A British taxi driver has been jailed for life after he was found guilty of murdering a US soldier in Iraq with home-made explosives.
Anis Abid Sardar, 38, from Wembley in north-west London, will serve a minimum of 38 years for murdering US sergeant Randy Johnson with an improvised explosive device (IED) in Iraq in 2007.
He was also given a second life sentence with a minimum 25 years to run concurrently after being found guilty of conspiracy to murder.
The "highly dangerous" cab driver is believed to be the first person in the UK to be convicted for taking part in the Iraqi insurgency following the "landmark prosecution".
Sardar was arrested seven years after Sgt First Class Randy Johnson, of 2nd Stryker Cavalry Regiment, was killed when the armoured vehicle in which he was patrolling an area of Baghdad drove over pressure plates rigged up to one of Sardar's IEDs.
Johnson died in the explosion and four other soldiers were left seriously injured.
Police were able to arrest the 38-year-old after the FBI's Terrorist Explosive Device Analytical Centre (TEDAC) found his fingerprints on other bombs he had made, which were almost identical to the one that killed the US soldier.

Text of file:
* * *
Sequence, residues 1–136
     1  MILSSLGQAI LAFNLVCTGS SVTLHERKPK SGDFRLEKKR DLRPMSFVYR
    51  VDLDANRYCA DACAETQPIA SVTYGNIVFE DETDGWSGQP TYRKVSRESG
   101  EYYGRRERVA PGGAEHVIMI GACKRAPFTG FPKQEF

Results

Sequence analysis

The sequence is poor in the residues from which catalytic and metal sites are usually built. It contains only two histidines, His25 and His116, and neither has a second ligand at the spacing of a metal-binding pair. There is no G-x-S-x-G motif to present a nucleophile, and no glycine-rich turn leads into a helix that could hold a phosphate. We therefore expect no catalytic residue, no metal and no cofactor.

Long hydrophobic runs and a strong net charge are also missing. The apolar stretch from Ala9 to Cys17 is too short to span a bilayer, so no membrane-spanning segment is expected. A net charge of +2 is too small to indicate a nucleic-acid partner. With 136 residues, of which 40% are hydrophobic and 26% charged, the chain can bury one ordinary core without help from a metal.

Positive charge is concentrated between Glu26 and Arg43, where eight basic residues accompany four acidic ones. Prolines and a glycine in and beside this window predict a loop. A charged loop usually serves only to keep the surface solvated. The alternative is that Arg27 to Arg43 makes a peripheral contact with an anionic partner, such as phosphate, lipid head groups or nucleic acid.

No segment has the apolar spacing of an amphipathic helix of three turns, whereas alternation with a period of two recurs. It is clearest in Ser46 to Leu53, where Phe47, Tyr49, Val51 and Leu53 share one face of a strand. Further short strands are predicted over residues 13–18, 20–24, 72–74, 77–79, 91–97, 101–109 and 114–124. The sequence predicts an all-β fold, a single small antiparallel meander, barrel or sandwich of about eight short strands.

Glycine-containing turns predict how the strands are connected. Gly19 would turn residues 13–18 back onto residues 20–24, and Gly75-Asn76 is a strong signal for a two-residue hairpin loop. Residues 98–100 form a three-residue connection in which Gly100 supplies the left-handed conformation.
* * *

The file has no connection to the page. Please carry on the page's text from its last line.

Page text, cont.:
Upon sentencing, Judge Justice Globe said he rejected Sardar's claim that he only made one bomb to protect the Sunni community from Shia militias and instead was involved in a "campaign" against the US.
He said: "I am satisfied so as to be sure that your actions were not solely focused on Shia militias. Your focus was either wholly or partly American.
"I am satisfied that at the material time of the offences you had a mindset that made Americans every bit the enemy as Shia militias. Both were in your contemplation at all times."
Sue Hemming, head of special crime and counter terrorism at the Crown Prosecution Service, said: "Anis Sardar is a highly dangerous man who created bombs so large that not only did they tragically kill Sgt Randy Johnson, but they put other lives in danger and caused significant damage to heavily armoured US military vehicles.
"Although Anis Sardar's fingerprints were found only on two of the bombs, it is beyond doubt that he was part of a joint enterprise to make four such devices, and potentially many others, given their similarity and location. He knew precisely what he was doing and was working with murderous intent against coalition forces."
Cmdr Richard Walton, head of the Metropolitan Police's Counter Terrorism Command, said: "I hope that today's verdict will bring some comfort to the family of Sergeant Johnson, who tragically lost his life in the service of his country.
"This verdict demonstrates our resolve to convict anyone committing terrorism anywhere in the world, even if it takes us many years.
"I hope that it further stands as a deterrent to those thinking today that they can undertake terrorist activity overseas without fear of the law. Over time circumstances change, and when and where we have evidence we will seek to bring them before a court."